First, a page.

Passive acoustic monitoring reveals feeding attempts at close range from soaking demersal longlines by two killer whale ecotypes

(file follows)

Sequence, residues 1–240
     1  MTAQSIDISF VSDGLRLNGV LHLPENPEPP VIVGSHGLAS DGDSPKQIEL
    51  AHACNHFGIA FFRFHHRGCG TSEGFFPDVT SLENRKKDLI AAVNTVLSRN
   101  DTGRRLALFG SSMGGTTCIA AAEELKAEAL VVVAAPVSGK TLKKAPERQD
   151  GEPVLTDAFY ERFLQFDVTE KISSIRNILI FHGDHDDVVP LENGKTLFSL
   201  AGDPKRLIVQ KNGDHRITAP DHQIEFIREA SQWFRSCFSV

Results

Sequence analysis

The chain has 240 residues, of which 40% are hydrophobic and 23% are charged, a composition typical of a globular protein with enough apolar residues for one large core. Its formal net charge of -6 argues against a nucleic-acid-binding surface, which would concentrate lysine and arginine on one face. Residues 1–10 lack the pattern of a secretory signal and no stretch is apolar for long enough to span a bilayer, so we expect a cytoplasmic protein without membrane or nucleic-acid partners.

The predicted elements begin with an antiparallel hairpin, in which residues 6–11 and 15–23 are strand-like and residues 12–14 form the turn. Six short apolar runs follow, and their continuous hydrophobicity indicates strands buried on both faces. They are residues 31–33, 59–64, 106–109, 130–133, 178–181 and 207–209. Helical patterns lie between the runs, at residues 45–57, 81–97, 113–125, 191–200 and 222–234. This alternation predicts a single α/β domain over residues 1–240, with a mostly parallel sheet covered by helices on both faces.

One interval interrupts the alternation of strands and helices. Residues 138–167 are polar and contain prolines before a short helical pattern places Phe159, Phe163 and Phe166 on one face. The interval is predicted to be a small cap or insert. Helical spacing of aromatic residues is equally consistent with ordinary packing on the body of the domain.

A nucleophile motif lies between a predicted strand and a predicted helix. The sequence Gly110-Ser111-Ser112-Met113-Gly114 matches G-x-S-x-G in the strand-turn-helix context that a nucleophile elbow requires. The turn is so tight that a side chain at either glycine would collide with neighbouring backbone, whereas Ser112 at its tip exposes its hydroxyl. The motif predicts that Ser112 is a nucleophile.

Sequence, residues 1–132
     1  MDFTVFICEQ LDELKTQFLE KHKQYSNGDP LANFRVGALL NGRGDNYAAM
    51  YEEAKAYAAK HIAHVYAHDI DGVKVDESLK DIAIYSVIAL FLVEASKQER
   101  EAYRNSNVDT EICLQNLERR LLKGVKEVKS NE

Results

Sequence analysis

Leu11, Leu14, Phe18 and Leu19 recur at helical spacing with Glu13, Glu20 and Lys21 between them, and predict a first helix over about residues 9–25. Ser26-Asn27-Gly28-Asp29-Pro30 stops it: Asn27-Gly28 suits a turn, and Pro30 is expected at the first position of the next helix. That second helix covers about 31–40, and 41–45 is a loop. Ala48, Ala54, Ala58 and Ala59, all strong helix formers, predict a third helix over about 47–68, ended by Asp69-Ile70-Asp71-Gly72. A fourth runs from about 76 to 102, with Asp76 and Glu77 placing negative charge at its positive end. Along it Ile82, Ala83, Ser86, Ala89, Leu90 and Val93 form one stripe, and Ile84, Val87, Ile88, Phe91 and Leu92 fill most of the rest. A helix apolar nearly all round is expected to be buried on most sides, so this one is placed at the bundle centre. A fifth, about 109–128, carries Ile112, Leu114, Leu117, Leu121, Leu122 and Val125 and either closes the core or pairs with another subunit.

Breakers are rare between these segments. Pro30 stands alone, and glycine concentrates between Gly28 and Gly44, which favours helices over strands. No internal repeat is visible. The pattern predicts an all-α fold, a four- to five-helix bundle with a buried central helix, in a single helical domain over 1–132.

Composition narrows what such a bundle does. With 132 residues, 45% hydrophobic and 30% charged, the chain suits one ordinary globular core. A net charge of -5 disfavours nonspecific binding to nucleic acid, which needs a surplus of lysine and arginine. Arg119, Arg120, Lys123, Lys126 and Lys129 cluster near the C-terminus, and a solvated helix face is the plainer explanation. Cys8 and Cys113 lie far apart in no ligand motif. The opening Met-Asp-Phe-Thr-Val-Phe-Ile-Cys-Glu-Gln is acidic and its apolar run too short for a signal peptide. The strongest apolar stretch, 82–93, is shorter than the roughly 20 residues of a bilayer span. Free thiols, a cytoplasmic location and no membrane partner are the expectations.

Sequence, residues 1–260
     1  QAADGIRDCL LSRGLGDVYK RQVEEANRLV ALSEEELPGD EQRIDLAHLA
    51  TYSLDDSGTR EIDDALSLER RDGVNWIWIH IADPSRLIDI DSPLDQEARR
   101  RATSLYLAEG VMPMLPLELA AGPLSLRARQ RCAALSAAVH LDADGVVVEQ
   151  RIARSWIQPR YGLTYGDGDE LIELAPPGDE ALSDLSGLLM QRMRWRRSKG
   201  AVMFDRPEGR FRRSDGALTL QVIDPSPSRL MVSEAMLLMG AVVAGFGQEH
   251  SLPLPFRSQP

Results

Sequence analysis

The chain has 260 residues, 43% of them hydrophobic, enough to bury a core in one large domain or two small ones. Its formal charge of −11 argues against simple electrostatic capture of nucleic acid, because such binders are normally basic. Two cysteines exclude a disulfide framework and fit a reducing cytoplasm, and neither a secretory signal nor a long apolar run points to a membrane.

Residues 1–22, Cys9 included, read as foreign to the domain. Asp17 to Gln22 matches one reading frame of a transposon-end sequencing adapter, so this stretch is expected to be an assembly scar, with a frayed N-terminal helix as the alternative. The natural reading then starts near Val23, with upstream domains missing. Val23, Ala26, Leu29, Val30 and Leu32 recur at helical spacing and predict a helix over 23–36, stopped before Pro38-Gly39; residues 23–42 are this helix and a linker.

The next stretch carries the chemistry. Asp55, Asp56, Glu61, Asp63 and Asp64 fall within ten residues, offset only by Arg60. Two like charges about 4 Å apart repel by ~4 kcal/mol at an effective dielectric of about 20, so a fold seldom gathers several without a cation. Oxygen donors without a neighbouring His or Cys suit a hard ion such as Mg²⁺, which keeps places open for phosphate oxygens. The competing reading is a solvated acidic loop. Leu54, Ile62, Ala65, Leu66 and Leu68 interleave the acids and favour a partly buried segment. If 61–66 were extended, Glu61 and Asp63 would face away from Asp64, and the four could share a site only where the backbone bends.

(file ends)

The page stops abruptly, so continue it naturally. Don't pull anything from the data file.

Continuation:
Odontocetes depredating fish caught on longlines is a serious socio-economic and conservation issue. A good understanding of the underwater depredation behavior by odontocetes is therefore required. Historically, depredation on demersal longlines has always been assumed to occur during the hauling phase. In this study, we have focused on the depredation behavior of two ecotypes of killer whales, Orcinus orca, (Crozet and Type D) from demersal longlines around the Crozet Archipelago (Southern Indian Ocean) using passive acoustic monitoring. We assessed 74 hr of killer whale acoustic presence out of 1,233 hr of recordings. Data were obtained from 29 hydrophone deployments from five fishing vessels between February and March 2018. We monitored killer whale buzzing activity (i.e., echolocation signals) as a proxy for feeding attempts around soaking longlines. These recordings revealed that the two ecotypes were feeding at close range from soaking longlines, even when fishing vessels were not present. Our results suggest that both killer whale ecotypes are likely to depredate soaking longlines, which would imply an underestimation of their depredation rates. The implication of underestimating depredation rates is inaccurate accounting for fish mortality in fisheries' stock assessments.